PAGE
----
Child support cases aren’t always easy to handle. Both of the parents might be concerned about how much these support payments are going to be. The paying parent likely hopes that the payments don’t take up too much money. Recipient parents probably hope the money can actually help with the many costs of raising the children.
The amount of child support that is ordered in a case isn’t some random number. The courts have a specific formula and some very strict guidelines about what can be ordered in these cases. Typically, one of the first things the judge will consider is the information provided on a financial statement that each of the parents complete. This includes income information and can include household expenses.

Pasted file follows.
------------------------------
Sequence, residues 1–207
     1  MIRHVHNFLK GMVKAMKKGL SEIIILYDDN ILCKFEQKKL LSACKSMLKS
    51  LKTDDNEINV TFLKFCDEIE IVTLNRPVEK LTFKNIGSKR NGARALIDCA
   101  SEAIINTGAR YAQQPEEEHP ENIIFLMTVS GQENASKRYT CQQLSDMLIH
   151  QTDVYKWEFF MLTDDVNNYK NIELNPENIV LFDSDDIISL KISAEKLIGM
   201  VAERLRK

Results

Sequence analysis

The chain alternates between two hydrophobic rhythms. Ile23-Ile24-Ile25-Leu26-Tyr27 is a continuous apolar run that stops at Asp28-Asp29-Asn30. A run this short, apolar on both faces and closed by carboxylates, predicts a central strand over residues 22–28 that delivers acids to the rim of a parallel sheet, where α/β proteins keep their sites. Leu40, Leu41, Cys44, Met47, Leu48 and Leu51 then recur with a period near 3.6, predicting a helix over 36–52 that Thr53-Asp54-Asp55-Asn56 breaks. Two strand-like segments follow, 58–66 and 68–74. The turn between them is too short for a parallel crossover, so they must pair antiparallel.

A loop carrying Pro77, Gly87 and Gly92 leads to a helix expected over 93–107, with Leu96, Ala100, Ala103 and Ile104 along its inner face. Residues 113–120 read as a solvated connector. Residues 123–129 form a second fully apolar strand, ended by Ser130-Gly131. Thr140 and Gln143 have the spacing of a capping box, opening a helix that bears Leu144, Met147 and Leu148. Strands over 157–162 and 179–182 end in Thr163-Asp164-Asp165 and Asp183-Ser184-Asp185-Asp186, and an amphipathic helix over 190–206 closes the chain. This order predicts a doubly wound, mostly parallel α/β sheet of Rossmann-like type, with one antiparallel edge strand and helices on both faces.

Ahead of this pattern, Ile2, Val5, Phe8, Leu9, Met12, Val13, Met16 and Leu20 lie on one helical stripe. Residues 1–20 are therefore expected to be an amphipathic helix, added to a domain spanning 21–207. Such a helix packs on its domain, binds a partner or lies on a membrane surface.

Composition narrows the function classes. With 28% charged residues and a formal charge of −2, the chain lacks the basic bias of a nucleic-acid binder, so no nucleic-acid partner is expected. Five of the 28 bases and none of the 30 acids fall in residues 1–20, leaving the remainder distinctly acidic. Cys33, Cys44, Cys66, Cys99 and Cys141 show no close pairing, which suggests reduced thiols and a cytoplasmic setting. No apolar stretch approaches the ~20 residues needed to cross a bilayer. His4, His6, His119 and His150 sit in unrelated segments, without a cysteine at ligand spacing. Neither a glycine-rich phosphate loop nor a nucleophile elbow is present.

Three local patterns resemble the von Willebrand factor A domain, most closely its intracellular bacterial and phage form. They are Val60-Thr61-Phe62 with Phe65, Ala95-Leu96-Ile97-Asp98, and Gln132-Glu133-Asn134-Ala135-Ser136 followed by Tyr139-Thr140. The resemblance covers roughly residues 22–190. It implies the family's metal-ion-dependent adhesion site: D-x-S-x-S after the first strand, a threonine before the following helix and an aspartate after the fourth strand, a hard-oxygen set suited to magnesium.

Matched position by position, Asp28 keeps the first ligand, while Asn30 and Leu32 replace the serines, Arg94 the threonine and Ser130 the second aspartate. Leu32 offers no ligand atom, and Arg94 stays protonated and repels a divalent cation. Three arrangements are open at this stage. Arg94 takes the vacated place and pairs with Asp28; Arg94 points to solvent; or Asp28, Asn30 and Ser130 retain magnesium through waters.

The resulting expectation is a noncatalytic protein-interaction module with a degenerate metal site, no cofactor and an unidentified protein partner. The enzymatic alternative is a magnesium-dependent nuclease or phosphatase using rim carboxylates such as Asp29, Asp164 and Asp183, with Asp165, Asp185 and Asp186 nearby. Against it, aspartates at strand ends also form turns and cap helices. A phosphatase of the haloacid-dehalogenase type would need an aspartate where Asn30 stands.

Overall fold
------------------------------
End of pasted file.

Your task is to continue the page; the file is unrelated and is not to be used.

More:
Another consideration in these cases is the division of parenting time. If the child will spend a larger portion of time with one parent, the other parent will usually have to pay child support, since the parent who usually has the child will likely be covering more of the direct expenses.
Some courts consider the standard of living that the child is accustomed to. Just because the parents divorce doesn’t mean that the child will be expected to go from a high standard of living down to living below the poverty line.
Before you go into a hearing regarding child support, you might want to look into what is possible. Knowing how the laws pertain to your case can certainly be beneficial.